Scared to Death:
If you bother to listen to Joe Dante's Trailer from Hell commentary above, it must be said that the talented director makes the movie sound a lot better than it is, though he does freely admit that Scared to Death is, at best, to be considered a guilty pleasure ("It's a terrible film, but I love it"). The flaws of the film are multifarious, to say the least, and the movie is hardly a pleasure to watch. At the same time, however, it is one of those oddly terrible movies that might bore while running but keep popping up in your mind after the fact to instigate a smile or a snigger.
Nevertheless, at least in our case, the trivia and tidbits one discovers when researching the film are actually far more interesting and entertaining than the movie itself, despite its occasionally entertaining dialogue, an obliquely threatening George Zucco, an "I'm having fun" Lugosi, the oddly huggable character of Bill Raymond (former Olympic wrestler Nat Pendleton, pictured below not from the film, of The Mad Doctor of Market Street [1942 / trailer] and The Thin Man [1934 / trailer] and many of its sequels, here in his last film), and the appearance of everyone's favorite vertically challenged actor of yesteryear, Angelo Rossitto (of the infamous flicks Child Bride [1938 / trailer] and Freaks [1932 / trailer], The Big House [1930], Paul Hunt's The Clones [1973], Galaxina [1980, with Marilyn Joi], From a Whisper to a Scream [1987, with Susan Tyrrell], Dracula vs. Frankenstein [1971], the low-budget art horror short Dementia [1955] and so much more) as the relatively unnecessary and mute character Indigo.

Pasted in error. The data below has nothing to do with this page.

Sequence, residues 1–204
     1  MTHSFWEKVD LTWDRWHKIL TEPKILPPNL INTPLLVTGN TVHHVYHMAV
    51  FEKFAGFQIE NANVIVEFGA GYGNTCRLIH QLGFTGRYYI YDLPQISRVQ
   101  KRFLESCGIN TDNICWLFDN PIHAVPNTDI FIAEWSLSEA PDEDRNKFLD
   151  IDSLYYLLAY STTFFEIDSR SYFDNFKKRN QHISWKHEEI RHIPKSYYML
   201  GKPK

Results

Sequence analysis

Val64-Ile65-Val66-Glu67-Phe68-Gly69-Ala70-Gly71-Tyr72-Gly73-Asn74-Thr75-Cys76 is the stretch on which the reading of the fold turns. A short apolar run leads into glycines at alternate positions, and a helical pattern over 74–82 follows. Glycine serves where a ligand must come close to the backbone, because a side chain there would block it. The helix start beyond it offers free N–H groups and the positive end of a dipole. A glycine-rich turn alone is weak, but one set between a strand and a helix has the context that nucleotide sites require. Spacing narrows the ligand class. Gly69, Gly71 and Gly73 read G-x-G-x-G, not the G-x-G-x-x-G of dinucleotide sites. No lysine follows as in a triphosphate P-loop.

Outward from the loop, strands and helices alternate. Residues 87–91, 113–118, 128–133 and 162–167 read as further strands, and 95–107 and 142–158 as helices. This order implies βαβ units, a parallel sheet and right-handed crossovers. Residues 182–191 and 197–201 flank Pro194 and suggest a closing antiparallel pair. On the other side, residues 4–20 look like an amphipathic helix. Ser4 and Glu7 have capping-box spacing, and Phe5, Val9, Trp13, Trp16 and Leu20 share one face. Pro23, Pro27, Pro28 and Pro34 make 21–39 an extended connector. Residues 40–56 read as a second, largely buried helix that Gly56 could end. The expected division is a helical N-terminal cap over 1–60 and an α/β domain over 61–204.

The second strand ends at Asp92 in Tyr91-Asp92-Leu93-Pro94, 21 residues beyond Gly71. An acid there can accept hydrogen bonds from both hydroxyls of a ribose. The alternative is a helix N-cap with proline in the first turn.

Although the events that transpire in Scared to Death span several days and occur at all times of the day and seldom in the dark, at its core the movie is a studio-bound comedy thriller along the lines of that classic chestnut known as an Old Dark House film. Indeed, but for the opening and closing scenes at the morgue — and the regularly interspersed and poorly executed two-to-three-second scenes of the dead Laura Van Ee (Molly Lamont of Devil Bat's Daughter [1946 / full film]) lying on the morgue table and making unneeded V.O. commentary — almost all the action transpires within the almost drug-like Cinecolor-colored* Van Ee house.
Unluckily, when it comes to how the "action" is filmed, director William Christy Cabanne (The Mummy's Hand [1940 / trailer]), behind Sam Newfield (see: The Monster Maker [1944]) and William "One-Shot" Beaudine (see: Bela Lugosi Meets a Brooklyn Gorilla [1952]) one of the most prolific directors in the history of American films, lives up to his reputation of being one of the most boring directors in film history: his extremely sleep-inducing non-style is basically block, point and shoot, which does nothing in any way to enliven the proceedings. Assuming he also made the decision of how to film the unneeded interjections of Laura Van Ee on the slab in the morgue, Scared to Death reveals him to be a spectacularly untalented filmmaker incapable of infusing the film with anything that might indicate a creative eye or artistic intention.**